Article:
Join Date: Dec 2009
Location: Fort Collins, CO
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This is not directed at any person, it's just to explain my thought process....
My concern about K&N isn't air flow - I'm willing to grant that they may flow more air than the stock filter.
The question is: WHY do they do that??
My reasoning is that to let more air through, unless you greatly increase the surface area of the filter, you must be providing bigger holes for air to pass through, thereby letting more tiny particulate matter through the filter.
More air flow is not a good thing if it also means letting more grit and particulates into the engine. In fact, if that is the case, it's a bad thing.
The K&N filters I have seen have much less surface area then the stock paper filters, which increases my motivation to ask the question in the paragraph above. Just coating a thinner filter with oil doesn't make it more effective at filtering out small particles.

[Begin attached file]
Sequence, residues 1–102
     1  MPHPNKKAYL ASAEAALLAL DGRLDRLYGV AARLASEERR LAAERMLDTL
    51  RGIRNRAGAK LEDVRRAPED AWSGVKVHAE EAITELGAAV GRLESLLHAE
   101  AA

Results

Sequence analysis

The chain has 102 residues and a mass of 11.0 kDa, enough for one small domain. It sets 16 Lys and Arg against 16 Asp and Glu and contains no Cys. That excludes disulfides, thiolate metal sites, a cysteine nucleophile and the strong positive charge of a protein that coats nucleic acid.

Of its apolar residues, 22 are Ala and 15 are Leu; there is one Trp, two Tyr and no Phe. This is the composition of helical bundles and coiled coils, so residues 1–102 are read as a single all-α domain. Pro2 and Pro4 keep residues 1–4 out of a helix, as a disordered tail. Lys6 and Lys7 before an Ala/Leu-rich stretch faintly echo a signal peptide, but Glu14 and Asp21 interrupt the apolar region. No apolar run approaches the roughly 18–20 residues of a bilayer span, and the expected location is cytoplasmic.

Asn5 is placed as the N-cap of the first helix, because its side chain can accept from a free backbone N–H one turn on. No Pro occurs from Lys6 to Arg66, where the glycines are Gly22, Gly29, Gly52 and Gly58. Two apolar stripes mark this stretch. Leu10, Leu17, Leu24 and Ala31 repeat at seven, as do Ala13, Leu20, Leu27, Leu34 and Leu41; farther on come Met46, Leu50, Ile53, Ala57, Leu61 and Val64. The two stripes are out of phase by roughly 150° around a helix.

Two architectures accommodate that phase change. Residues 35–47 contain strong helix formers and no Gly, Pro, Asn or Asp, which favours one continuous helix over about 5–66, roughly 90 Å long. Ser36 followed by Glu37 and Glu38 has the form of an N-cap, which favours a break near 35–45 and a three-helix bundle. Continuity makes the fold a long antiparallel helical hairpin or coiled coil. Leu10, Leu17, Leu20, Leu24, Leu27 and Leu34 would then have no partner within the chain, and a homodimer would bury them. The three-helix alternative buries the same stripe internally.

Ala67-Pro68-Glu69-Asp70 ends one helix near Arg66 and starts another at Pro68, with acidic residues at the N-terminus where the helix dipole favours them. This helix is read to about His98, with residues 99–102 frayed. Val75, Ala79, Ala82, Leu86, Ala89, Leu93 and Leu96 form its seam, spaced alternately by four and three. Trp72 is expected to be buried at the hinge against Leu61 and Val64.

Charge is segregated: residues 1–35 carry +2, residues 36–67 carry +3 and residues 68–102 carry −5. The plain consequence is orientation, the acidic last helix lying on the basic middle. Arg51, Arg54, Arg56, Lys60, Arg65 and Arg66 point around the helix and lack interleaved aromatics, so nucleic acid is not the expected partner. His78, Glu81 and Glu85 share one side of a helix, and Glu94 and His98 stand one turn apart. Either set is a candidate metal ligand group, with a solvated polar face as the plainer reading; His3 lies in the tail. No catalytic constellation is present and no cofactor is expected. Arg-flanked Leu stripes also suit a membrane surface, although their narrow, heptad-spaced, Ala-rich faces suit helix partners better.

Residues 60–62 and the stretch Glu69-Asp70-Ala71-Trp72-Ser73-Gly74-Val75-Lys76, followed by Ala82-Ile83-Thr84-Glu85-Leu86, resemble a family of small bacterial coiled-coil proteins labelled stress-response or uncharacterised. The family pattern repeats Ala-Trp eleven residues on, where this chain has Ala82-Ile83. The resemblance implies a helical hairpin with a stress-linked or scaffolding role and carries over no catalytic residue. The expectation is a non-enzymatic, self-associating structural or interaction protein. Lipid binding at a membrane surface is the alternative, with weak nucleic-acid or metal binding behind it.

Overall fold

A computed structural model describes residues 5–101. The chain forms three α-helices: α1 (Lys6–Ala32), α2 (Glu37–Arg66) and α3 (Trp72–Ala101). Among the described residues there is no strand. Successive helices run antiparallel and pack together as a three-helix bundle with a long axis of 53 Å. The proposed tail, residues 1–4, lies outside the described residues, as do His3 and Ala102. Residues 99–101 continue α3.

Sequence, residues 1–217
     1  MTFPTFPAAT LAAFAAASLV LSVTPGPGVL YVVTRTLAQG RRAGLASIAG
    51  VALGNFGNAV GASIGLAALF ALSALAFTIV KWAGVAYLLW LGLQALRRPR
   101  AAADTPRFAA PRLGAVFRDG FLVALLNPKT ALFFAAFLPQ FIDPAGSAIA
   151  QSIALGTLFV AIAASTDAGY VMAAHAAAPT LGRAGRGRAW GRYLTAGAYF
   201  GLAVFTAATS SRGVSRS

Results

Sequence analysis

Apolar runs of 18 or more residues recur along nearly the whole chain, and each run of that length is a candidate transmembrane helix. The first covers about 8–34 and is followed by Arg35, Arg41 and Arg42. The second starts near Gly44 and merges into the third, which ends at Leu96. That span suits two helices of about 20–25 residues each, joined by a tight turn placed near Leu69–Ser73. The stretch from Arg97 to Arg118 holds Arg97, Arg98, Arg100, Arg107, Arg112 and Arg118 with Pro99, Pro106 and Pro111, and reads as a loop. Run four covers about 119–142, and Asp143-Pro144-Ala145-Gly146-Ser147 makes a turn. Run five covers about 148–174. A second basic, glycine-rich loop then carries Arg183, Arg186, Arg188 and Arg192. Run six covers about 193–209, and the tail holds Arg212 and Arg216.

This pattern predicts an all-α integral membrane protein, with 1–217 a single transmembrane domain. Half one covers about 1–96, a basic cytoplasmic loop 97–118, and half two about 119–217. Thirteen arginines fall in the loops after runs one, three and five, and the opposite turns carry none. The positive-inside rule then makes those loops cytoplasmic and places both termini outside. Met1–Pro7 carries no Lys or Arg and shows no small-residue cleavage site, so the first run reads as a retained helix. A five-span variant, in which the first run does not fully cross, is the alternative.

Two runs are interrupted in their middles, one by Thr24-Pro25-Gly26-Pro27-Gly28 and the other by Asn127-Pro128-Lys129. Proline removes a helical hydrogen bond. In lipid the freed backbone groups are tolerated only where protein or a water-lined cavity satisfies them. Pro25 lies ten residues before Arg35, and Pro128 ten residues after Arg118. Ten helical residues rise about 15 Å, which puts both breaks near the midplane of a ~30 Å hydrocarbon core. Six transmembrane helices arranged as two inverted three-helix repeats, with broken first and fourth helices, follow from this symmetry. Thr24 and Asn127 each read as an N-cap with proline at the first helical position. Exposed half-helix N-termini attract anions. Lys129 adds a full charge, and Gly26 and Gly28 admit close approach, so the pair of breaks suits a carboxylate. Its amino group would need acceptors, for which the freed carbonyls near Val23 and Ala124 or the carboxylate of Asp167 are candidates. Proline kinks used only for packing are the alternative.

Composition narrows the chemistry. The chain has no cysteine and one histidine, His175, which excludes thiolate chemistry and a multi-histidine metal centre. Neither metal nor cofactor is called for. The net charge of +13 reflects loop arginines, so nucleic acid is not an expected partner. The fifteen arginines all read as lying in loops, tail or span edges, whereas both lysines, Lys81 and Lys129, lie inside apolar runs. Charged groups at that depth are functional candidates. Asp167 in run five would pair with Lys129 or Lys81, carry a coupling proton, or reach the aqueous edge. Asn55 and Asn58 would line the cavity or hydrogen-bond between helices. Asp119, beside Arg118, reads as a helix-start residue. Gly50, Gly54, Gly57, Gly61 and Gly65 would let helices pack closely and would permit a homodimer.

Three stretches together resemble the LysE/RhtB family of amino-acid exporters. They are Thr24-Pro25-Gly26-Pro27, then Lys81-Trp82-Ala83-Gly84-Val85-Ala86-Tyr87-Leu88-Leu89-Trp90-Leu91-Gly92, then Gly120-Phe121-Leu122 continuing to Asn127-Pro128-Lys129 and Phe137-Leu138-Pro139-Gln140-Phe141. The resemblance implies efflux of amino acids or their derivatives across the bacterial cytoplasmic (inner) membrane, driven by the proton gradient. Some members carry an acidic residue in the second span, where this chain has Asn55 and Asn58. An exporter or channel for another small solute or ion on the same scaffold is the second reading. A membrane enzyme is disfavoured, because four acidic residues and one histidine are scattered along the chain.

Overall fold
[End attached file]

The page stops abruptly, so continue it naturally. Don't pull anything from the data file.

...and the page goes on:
In the short run, I doubt that this matters much. Over the course of 60K or even as much as 100K miles, maybe you won't notice increased engine wear from the additional particulate matter passed into the combustion chambers. But it seems to me that somewhere around the 100K mile mark (or maybe earlier), you probably will see increased oil consumption and decreased compression because of accelerated wear in the cylinders and rings.
If you trade every 3 or 4 years, that's not a big deal - you're passing the problem to the next owner and it's nothing that you need to deal with.
But if you try to drive cars to 150K or 200K miles, then it seems reasonable to me to think twice about running a K&N or other non-stock filter which has less surface area.
I haven't seen scientific tests quantifying the difference in particulates admitted by stock filters vs. K&N. If someone knows of good studies (NOT provided by K&N) I'd be interested in reading them. My reasoning may not be accurate...it's just the best I can do with the information I have.
2008 BMW E91 328xi Sportwagon
2009 BMW E92 328ix Coupe
2000 Jeep Grand Cherokee
1983 280ZX Turbo